The election of a new president in 2019 raised the prospect of a resolution to the conflict in eastern Ukraine.

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Although it appears in newspaper headlines infrequently, the conflict in eastern Ukraine has not gone away. In February 2020 the UN said that the conflict had claimed some 13,000 lives, since in 2014 Russian-backed separatists took control of Crimea and parts of the Donetsk and Luhansk regions of eastern Ukraine.

The basis for negotiations in search of a political solution remain the 2014 and 2015 Minsk agreements, the first negotiated between Russia, Ukraine and representatives of the Donetsk and Luhansk breakaway areas, and Minsk II negotiated between France, Germany, Russia and Ukraine. They are vaguely worded, however, and there is disagreement about the order in which agreed steps should take place.

Ukraine has taken legal action in various international courts.

In 2019, Volodymyr Zelensky was handed a landslide election victory on the promise of peace in eastern Ukraine, or the Donbas as it is known.

Since the election he has signalled some concessions to Russia, including proposing an advisory council to consult representatives of the breakaway regions—the “Donetsk People’s Republic” and its counterpart in Luhansk. This implicit recognition of the breakaway authorities was abandoned after an outcry in Ukraine.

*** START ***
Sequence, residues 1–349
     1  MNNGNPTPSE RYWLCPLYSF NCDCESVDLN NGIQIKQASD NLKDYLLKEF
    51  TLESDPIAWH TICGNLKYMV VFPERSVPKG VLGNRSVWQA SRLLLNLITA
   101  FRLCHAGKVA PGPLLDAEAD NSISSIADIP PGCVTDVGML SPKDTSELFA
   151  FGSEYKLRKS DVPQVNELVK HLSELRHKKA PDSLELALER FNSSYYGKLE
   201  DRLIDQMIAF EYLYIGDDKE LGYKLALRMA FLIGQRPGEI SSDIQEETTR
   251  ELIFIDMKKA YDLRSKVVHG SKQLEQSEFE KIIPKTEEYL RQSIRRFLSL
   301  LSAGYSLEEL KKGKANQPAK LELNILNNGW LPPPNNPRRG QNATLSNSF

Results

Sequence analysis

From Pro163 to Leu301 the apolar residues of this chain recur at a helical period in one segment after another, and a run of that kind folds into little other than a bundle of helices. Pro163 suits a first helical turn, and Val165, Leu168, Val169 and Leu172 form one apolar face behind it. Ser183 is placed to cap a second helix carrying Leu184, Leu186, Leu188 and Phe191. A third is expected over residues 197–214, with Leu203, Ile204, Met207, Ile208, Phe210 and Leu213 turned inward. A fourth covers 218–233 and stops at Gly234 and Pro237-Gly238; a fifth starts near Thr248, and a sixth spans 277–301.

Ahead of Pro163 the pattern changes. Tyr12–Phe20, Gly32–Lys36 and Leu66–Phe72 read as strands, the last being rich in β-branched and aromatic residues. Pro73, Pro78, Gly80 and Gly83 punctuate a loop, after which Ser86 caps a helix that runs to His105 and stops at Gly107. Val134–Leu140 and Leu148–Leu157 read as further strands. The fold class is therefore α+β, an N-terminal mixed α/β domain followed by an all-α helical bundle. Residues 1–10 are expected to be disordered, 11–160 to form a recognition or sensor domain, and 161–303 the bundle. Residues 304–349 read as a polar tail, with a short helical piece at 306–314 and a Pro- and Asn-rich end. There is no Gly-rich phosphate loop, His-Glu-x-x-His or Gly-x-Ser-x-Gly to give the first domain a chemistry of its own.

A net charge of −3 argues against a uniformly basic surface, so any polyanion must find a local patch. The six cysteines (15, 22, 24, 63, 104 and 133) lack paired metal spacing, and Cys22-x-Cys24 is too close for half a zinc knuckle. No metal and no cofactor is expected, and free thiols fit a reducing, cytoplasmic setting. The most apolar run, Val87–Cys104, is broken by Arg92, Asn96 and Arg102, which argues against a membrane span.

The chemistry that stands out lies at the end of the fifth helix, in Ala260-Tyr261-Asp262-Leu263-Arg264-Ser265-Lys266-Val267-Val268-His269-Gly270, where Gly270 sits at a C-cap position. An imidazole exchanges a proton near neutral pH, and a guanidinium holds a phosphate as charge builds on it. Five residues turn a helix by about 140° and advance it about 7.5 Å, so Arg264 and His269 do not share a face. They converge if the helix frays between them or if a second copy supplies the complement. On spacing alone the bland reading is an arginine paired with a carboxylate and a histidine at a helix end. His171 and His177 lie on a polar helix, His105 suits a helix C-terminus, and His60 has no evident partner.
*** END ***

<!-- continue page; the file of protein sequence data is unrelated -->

Ukraine and the breakaway authorities swapped prisoners in 2020, but the release of prisoners convicted of offences in repressing the Euromaidan protests in 2014 was unpopular in Ukraine.

Ukraine’s moves do not appear to have brought any concessions from Russia, which still maintains that the conflict is just a domestic dispute for Ukraine. Many observers think that Russia is in no hurry to resolve the conflict and would like to see a weakened Ukraine that cannot join the EU or NATO.

The Normandy Format group – France, Germany, Russia and Ukraine – was due to have another meeting in April 2020 but that meeting has not taken place. There are recent reports of heavy weaponry being moved closer to the conflict zones.

Partly because of the coronavirus pandemic, in June 2020 the IMF granted Ukraine a standby loan facility of $5 billion.

UK

The UK supports Ukraine’s sovereignty and calls for Russia to stop fomenting violence.

A wide-ranging sanctions regime is in place against Russia as a result of its actions in Crimea and the Donbas. The UK continues to impose these EU-derived sanctions, although they have now been placed on a UK-only legal basis.

The UK used to argue strongly within the EU for a strong sanctions regime against Russia. The UK’s departure from the bloc increases uncertainty about the future of the sanctions regime.

There is a UK aid programme for Ukraine, involving both an element of humanitarian assistance due to the conflict, and development aid.

A Political, Free Trade and Strategic Partnership Agreement between the UK and Ukraine is close to being finalised; UK/Ukraine trade will no longer be subject to EU rules at the end of the transition period.

  • Commons Research Briefing CBP-8949
  • Author: Ben Smith
  • Topics: Europe

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